We've painted latex over oil paint using the oil based KILZ -- even one water based primer, but that was indoors. We haven't had any problems, but I would consider two coats of the primer to make sure you get a good seal on the stain. That's going to increase the cost, but it's probably still the most economical choice if you want to change the color.
I would put some pots with low maintenance plantings on either side of the door for some color. I wouldn't do more than that with renters. New landscaping requires a bit more care to get established and renters are not as likely to do the upkeep. Planting or replacing pots is a real possibility.
Looks like a gem.
|Found it! Martha Stewart 's house in east hampton. Love the turquoise and brown.|
|We found that the KILZ primer worked better than all other brands when we painted our interior Douglas fir from dark to light and only needed one coat of paint after applying the above primer.|
|That kind of siding looks great in a medium gray, and would def pair that color with crisp white trim and shutters. Would also replace entry roof supports with more substantial columns (cheap ones, they don't have to last) also painted white.|
|Lascatx: I will ask the painter about 2 coats of primer - it sounds like a great idea especially since the exterior is so dark right now. Also love the potted plant suggestion, we have a florist in town that does some amazing things with succulents. I've been wanting to use them in my landscape this could be a good place to try them. For color, maybe even a window box or two? |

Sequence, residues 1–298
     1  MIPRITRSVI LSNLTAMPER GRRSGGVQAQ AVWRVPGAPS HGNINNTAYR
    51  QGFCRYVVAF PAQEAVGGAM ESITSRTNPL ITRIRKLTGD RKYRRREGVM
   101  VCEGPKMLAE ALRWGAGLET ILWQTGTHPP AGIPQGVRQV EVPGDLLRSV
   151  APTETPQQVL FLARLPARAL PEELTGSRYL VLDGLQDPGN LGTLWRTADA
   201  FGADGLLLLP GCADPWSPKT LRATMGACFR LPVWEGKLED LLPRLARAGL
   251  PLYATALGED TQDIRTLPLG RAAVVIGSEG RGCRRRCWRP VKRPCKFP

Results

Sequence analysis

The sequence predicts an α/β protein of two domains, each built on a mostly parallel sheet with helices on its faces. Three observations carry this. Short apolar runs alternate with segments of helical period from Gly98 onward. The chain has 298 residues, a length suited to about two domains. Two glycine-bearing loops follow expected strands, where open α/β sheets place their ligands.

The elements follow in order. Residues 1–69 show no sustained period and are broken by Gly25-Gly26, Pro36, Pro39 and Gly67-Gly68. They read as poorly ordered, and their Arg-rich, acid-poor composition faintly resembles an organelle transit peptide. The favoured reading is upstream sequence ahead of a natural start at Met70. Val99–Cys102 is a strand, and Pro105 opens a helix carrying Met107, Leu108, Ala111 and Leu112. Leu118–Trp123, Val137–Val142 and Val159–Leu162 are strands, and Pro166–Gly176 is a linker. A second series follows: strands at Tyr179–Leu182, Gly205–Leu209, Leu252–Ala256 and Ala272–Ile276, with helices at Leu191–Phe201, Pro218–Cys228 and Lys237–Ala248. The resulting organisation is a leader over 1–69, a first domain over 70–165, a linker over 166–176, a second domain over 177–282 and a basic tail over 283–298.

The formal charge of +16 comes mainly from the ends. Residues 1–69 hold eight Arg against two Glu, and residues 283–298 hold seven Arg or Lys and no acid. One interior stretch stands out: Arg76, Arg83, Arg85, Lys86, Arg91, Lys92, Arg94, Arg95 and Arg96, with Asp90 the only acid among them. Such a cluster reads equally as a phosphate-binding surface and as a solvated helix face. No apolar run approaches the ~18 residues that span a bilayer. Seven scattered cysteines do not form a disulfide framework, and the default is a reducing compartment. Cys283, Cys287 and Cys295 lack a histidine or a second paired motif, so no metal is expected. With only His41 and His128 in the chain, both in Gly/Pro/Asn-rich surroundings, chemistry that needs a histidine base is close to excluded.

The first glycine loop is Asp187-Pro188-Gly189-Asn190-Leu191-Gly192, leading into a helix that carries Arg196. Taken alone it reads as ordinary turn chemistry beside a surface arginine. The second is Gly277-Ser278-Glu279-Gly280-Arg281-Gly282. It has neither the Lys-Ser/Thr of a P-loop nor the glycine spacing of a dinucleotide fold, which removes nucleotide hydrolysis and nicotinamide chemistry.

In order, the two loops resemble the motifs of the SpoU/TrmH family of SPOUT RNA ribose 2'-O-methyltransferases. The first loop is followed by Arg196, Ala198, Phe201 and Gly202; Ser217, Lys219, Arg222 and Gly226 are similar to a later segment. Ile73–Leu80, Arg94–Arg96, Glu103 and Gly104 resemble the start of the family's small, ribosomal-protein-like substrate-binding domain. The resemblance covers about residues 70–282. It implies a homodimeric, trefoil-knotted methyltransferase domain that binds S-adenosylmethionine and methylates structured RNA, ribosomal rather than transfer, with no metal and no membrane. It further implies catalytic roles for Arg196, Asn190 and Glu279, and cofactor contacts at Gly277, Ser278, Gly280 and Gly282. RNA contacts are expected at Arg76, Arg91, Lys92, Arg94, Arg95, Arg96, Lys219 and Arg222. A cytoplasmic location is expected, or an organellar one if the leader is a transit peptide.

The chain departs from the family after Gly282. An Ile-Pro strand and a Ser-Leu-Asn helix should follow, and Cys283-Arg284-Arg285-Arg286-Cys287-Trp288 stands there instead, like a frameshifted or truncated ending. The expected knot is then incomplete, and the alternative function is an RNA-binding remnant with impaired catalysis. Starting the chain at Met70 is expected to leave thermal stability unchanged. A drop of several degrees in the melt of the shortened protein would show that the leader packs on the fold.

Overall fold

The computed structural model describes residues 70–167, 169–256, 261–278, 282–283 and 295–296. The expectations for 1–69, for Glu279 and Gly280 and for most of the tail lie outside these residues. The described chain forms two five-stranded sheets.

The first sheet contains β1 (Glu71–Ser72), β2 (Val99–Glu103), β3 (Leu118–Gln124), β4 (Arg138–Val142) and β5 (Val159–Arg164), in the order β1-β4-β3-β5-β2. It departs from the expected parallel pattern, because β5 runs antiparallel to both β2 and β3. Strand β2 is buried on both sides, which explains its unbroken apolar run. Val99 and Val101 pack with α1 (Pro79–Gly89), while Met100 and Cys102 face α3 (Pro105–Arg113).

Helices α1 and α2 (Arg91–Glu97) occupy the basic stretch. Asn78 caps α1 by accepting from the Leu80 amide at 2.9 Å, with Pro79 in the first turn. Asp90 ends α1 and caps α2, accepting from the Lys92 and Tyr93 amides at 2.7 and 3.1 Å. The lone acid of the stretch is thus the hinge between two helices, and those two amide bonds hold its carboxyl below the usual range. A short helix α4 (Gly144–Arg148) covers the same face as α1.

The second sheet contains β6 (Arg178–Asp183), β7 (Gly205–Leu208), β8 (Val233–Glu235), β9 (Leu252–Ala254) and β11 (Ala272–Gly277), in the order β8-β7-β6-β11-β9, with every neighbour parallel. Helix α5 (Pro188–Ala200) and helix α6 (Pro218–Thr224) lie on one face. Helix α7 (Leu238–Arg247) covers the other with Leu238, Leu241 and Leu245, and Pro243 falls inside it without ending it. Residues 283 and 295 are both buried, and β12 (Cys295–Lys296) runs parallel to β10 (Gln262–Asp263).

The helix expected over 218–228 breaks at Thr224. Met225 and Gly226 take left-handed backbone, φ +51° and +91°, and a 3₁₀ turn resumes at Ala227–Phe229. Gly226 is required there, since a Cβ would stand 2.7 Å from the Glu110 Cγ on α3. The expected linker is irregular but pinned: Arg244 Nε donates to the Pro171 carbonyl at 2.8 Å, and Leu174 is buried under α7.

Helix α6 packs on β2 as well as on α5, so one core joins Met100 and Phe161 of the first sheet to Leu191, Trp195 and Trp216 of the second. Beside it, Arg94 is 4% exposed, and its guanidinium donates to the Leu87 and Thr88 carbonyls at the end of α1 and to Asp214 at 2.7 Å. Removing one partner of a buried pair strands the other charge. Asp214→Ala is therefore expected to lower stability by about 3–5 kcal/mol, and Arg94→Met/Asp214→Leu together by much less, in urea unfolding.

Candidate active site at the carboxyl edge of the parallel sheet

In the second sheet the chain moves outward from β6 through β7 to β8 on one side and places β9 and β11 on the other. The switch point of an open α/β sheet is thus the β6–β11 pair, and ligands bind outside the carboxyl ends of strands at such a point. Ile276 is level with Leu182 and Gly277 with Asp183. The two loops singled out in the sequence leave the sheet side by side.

yayagirl: I have some kilz leftover from another project, may put some up just to see what happens! There are so many different types of kilz, did you use kilz complete? The painters I've worked with usually don't use it, I don't know why but I will ask.
Martinca: thanks for tracking down that photo, what a beautiful house! I like the grey with turquoise trim, my husband wants to go bolder with key west type color, we'll have to wait and see how the samples look.
kswl: Hm, I was thinking of a vine going up the roof supports, but if we could economically make them more substantial that would definitely look good.
|If you have an architectural flea market (old doors, columns, etc) or a store tha t sells unused donated building materials for habitst for humanity you can get columns really inexpensively. ALternatively, you could have a big box store rip boards to your specifications and box in the existing supports yourself. Heck, if i didnt have to saw anything even i could do that :-)|
|I was going to suggest flower boxes and long rectangular planters, but I see you've already got that down. Two pots at the base of the posts, a new light, and a mat. The advantage of getting removable stuff is that you can re-use them down the road. |
I think once that trim is painted around the door, around the windows, and on the garage, plus a new door color, you will see a nice beach cottage emerge.